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Taenia Hudson, a specialist at the Office on Aging/CSI, is dismayed as she learns of the many scams being directed at senior citizens. Hudson has participated in multiple PFNF-sponsored Boot Camps along with ongoing Office on Aging outreach. Below are five top scams along with the most common approaches being used. Beware!

1) Health care scam: “I’m calling to let you know that we have a one-time offer that could save you money on your prescription drug costs. If you can provide me with your Medicare number and your checking account number, you could start saving money today!” Key alerts — one-time offer, today only — and never give anyone your Medicare number. Call 1-800-Medicare to report.

2) Lottery scam: “Is this James Cohen? Mr. Cohen, I have great news … you’ve just won the Jamaican lottery! It’s worth $100 billion and to claim this prize, all you have to do is pay international taxes. If you can just provide your bank account information, we’ll deposit your winnings in your account today.” Or through an email alert of winnings. It is illegal to participate in lotteries outside the United States. Jamaican or Nigerian “winnings” are all fraud.

3) IRS scam: “Mrs. Jones, this is Special Agent Trustworthy from the Internal Revenue Service. Our records indicate that you currently owe $23,295 in back taxes and I have a warrant for your arrest. I’m calling today to inform you that unless you pay these taxes immediately, the police will be arresting you.” Hang up! The IRS will always reach out by mail first. They will never ask for money over the phone.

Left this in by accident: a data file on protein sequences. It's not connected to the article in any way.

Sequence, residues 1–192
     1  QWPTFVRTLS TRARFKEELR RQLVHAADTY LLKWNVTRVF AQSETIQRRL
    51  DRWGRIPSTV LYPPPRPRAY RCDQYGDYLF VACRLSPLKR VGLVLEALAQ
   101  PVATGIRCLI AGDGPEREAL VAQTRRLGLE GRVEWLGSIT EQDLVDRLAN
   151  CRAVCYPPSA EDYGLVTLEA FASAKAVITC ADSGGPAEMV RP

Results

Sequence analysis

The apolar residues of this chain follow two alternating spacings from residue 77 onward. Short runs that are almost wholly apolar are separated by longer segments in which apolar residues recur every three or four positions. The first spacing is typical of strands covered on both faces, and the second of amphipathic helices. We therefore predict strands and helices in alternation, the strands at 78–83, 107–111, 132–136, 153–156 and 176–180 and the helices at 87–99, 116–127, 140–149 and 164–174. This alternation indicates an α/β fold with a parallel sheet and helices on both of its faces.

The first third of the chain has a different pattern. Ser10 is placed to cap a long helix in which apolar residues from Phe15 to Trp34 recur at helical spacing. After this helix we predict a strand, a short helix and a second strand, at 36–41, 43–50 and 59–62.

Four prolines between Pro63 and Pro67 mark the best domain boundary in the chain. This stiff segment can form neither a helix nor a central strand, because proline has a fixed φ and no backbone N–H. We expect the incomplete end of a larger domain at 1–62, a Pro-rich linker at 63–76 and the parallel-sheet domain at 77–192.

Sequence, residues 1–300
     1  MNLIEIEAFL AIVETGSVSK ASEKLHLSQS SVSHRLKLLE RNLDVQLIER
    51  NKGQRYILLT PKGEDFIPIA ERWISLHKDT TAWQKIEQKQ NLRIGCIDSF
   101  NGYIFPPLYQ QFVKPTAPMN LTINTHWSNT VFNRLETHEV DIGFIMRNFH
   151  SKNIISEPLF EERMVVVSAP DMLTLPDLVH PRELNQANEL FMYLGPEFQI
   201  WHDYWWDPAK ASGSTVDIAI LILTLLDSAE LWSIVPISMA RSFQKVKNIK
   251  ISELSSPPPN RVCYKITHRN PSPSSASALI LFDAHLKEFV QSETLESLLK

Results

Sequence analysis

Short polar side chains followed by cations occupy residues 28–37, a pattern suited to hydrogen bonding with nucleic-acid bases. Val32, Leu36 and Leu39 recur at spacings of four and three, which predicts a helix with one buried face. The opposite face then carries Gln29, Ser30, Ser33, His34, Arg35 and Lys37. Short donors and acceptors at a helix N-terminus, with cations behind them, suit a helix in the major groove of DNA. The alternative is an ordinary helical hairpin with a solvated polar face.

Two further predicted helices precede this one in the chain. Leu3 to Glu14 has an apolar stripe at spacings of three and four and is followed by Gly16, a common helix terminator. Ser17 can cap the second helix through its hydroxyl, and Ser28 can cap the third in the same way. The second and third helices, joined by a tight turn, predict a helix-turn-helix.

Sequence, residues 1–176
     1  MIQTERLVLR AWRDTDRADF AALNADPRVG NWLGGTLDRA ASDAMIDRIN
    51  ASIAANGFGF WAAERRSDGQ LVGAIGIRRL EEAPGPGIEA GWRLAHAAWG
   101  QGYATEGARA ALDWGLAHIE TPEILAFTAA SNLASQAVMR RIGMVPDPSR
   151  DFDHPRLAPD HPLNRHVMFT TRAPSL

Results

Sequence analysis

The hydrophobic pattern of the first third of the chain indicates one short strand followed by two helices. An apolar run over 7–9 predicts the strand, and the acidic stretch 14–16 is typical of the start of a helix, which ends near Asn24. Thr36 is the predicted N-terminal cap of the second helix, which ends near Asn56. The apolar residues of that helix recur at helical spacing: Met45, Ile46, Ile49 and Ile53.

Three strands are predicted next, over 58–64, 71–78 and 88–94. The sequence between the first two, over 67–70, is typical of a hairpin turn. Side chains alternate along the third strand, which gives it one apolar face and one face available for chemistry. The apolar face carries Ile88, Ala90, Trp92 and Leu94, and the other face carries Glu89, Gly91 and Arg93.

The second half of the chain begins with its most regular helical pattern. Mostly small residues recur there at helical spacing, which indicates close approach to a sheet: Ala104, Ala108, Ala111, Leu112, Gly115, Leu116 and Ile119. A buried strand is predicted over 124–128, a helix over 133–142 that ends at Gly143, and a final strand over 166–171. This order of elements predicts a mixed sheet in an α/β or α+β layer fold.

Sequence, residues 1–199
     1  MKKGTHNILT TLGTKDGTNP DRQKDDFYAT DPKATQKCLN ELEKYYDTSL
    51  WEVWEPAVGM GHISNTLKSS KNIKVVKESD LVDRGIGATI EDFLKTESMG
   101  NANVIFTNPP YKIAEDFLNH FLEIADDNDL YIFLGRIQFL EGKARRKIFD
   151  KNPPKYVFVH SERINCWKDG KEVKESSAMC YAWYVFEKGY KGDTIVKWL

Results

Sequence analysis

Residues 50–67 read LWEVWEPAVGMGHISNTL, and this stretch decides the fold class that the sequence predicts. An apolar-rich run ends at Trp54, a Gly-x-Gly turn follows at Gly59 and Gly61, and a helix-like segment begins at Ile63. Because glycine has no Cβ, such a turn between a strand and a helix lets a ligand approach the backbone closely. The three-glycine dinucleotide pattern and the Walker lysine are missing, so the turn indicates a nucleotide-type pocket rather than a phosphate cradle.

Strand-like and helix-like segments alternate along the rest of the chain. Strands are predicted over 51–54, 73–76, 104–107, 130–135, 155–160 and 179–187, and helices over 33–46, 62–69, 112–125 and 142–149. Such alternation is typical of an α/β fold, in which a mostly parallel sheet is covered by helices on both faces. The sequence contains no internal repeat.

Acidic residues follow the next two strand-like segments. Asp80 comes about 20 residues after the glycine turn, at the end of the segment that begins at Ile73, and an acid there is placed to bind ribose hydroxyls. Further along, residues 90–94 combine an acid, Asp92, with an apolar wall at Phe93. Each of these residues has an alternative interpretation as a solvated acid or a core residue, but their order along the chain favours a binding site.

4) Romance scam: “Hello, Henry. This is Rose. I saw your profile on the Date-a-Con-Artist website and you sound like the kind of man I’ve been looking for. I understand you’re widowed — me, too. I’m so lonely. I can’t believe I found someone like you so quickly! I’d love to meet you in person; but since I live on a fixed income, I can’t afford to travel out of state.” In 2015 the FBI documented 12,509 complaints, with $203,390,531 being lost. Nearly half of the victims were age 50 or older, accounting for approximately 70 percent of the money lost. This is one of the most heartbreaking scams because con artists exploit seniors’ loneliness and vulnerability. Be very careful of what is posted on social media sites.

5) Phone scams: “Hello, Mrs. White … I’m calling today with a one-time-only offer for a great new product. You’ve been selected from thousands of Idahoans to receive this special offer for our new and improved Best Water Filter Evah. This product is not yet in stores, which is why we can offer it to you today at a reduced price. You want your family to be drinking safe water, don’t you Mrs. White? Of course you do. It will just take a few minutes for me to get your information, and your Best Water Filter Evah system will be on its way to you.” Never give financial information over the phone to someone you don’t know.

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It is hard for some people to not answer a call. Use caller-ID. If you don’t know the caller, don’t answer. They can record your voice, your answer to a request — Is this Mrs Jones? Yes. — or other personal information to defraud the senior.

Be sure to report all attempts to the Federal Trade Commission at 1-877-FTC-HELP. Or contact Hudson at Office on Aging for support or questions at 208-736-2122, ext. 2124.

All training material is available on the Foundation’s webpage:

Stay tuned for Part 2 — additional scams to be aware of — coming in March.

Day Egusquiza is the president and founder of the Patient Financial Navigator Foundation Inc. — an Idaho-based family foundation.


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